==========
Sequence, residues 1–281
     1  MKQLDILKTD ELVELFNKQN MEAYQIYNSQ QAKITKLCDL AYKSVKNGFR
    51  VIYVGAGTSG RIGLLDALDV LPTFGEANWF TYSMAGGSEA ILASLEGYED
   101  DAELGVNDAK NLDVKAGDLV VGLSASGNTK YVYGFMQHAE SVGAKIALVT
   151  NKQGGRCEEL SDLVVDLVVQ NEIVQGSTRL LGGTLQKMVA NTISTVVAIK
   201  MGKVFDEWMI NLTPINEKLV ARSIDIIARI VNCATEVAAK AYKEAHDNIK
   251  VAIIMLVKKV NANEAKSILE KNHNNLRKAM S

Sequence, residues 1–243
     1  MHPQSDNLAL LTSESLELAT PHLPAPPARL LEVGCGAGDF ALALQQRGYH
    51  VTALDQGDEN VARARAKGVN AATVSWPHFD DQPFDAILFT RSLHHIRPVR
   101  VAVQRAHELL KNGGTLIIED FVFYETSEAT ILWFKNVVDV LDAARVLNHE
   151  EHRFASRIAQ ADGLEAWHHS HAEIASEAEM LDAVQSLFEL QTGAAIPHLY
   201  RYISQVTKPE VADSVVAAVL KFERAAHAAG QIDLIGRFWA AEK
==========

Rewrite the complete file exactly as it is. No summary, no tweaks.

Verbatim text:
Sequence, residues 1–281
     1  MKQLDILKTD ELVELFNKQN MEAYQIYNSQ QAKITKLCDL AYKSVKNGFR
    51  VIYVGAGTSG RIGLLDALDV LPTFGEANWF TYSMAGGSEA ILASLEGYED
   101  DAELGVNDAK NLDVKAGDLV VGLSASGNTK YVYGFMQHAE SVGAKIALVT
   151  NKQGGRCEEL SDLVVDLVVQ NEIVQGSTRL LGGTLQKMVA NTISTVVAIK
   201  MGKVFDEWMI NLTPINEKLV ARSIDIIARI VNCATEVAAK AYKEAHDNIK
   251  VAIIMLVKKV NANEAKSILE KNHNNLRKAM S

Sequence, residues 1–243
     1  MHPQSDNLAL LTSESLELAT PHLPAPPARL LEVGCGAGDF ALALQQRGYH
    51  VTALDQGDEN VARARAKGVN AATVSWPHFD DQPFDAILFT RSLHHIRPVR
   101  VAVQRAHELL KNGGTLIIED FVFYETSEAT ILWFKNVVDV LDAARVLNHE
   151  EHRFASRIAQ ADGLEAWHHS HAEIASEAEM LDAVQSLFEL QTGAAIPHLY
   201  RYISQVTKPE VADSVVAAVL KFERAAHAAG QIDLIGRFWA AEK